Old Route 49 bridge crossing over the South Yuba River in Nevada City, Calif. saw local and regional visitors during the atmospheric river event across Northern California on January 9, 2017. 

What is a “megastorm?” For the western USA that means an uncommon storm system that delivers extremely high levels of precipitation – mostly rain – over an unusually long period of time, over a broad regional area, causing “truly massive floods” as scientist B. Lynn Ingram put it. In addition, a megastorm may produce hurricane-force winds with more speed and power than almost any other ‘western’ storm system. It may also produce coastal storm surges much like a hurricane does, compounded by the amount of excess water that is flowing from land into the rising sea.

The term ‘Atmospheric River Storm’ is sometimes used, but Atmospheric Rivers (“ARs”) can actually be relatively small or large events. UCLA researchers including D. L. Swain have called a megastorm a “severe storm sequence” to distinguish them from “extreme wet years,” which are smaller and about eight times more common. Another term, “ARkStorm,” explained below, has been popularized in recent years, but strictly speaking that name refers to one particular computer simulation that was extensively studied for planning purposes by the United States Geological Survey (USGS) in 2011. California experienced its most recent megastorm, lasting 43-45 days, in 1861-62.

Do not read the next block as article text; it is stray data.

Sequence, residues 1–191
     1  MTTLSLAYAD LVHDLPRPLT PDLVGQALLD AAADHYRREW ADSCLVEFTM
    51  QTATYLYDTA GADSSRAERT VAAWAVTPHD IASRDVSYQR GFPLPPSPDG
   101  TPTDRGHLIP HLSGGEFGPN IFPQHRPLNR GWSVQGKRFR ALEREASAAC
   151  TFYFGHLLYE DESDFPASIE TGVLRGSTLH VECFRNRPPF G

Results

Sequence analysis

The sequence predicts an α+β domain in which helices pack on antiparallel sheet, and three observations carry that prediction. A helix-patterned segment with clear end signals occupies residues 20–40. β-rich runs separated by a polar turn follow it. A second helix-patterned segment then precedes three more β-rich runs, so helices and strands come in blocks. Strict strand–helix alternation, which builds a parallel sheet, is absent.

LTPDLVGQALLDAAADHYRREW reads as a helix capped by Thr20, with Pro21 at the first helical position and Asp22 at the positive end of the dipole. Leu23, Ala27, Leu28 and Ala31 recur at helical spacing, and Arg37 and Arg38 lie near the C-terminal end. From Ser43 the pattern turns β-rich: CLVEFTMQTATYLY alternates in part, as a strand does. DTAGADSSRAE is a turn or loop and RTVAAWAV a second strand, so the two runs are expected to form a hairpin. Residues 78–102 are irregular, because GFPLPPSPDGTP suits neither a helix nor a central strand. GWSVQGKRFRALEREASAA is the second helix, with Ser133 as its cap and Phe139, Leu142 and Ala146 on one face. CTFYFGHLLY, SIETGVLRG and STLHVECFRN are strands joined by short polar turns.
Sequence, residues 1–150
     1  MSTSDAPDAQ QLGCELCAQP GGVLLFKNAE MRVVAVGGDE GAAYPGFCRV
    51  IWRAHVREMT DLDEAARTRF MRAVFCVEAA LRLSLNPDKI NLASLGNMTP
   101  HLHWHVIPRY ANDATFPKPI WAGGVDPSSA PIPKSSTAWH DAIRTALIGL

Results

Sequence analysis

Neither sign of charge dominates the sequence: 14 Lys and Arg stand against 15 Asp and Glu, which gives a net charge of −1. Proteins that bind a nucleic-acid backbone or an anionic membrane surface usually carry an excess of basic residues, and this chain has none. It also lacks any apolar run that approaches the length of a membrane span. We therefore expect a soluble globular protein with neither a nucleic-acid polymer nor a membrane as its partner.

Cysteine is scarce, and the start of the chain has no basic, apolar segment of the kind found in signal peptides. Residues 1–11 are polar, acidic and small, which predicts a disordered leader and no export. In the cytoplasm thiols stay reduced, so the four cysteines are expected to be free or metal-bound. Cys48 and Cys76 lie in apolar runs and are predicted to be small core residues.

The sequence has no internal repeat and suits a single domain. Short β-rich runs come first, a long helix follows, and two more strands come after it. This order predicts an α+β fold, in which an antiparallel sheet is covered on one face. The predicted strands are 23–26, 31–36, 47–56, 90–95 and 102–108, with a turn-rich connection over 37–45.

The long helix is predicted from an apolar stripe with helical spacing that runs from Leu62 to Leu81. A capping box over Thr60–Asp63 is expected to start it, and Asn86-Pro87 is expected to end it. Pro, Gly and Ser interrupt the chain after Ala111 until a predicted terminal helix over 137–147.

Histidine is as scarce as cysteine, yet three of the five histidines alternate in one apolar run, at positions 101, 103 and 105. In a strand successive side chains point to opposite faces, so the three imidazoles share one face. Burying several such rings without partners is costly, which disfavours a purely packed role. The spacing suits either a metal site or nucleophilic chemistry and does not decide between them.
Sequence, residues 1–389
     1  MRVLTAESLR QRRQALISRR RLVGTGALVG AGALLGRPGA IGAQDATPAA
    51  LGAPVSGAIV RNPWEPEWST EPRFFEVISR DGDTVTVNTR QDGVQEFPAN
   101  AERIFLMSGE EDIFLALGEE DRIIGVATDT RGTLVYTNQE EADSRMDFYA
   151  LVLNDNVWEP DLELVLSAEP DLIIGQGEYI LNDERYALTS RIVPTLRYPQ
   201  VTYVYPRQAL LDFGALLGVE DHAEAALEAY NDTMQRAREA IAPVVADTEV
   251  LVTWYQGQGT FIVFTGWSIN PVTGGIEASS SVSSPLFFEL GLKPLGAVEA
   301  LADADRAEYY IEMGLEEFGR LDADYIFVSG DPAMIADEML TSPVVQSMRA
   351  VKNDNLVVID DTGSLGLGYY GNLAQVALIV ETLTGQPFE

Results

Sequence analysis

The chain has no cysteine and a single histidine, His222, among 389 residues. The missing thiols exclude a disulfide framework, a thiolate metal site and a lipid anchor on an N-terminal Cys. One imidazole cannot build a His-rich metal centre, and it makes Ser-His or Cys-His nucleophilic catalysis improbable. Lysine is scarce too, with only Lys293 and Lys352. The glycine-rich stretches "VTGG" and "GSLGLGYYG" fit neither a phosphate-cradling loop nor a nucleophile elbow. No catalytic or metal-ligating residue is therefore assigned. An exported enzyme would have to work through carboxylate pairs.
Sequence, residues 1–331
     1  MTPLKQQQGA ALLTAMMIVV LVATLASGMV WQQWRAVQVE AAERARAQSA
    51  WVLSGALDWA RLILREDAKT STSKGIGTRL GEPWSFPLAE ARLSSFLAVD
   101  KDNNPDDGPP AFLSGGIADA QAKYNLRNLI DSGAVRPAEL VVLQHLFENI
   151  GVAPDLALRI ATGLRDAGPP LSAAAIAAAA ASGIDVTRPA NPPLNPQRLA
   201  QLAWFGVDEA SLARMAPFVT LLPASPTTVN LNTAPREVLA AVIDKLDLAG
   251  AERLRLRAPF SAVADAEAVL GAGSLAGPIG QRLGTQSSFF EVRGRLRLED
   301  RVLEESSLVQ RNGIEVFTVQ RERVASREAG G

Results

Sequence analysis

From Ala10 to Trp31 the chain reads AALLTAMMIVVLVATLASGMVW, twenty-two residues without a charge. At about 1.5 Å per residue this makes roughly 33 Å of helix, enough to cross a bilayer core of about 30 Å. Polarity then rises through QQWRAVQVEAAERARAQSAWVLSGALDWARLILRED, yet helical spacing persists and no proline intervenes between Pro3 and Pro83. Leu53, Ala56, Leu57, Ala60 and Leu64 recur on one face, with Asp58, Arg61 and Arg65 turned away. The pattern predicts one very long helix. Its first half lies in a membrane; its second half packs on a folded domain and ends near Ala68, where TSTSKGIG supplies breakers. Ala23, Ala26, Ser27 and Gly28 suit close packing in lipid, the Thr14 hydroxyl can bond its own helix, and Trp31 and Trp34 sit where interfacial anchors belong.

Atmospheric river systems were only discovered about 20 years ago. Today’s satellites have sensors that can study the Earth’s atmosphere in detail. They have found bands of very moist air that develop around the Earth in the tropics and can move irregularly toward the poles, about 1 mile above sea level. Water-saturated air sometimes peels away from the tropical Western or Central Pacific and bends northeasterly across the ocean to strike our West Coast, typically in California.

In the past two decades, movements of those air currents have been observed and analyzed using satellite data, and are now tracked in real time and used in 7- and 10-day weather forecasts. Smaller atmospheric river flows are fairly common and provide a significant portion of the precipitation in the western USA. Big atmospheric river flows are less common but can be dangerous: “AR” systems can bring water onto the West Coast at rates as high as 1 to 15 times the average rate of water flowing out of the Mississippi River (which drains more than 1,245,000 square miles of the USA!). The weathercasters’ cute term “Pineapple Express” trivializes a potentially powerful weather system that can sometimes have catastrophic consequences.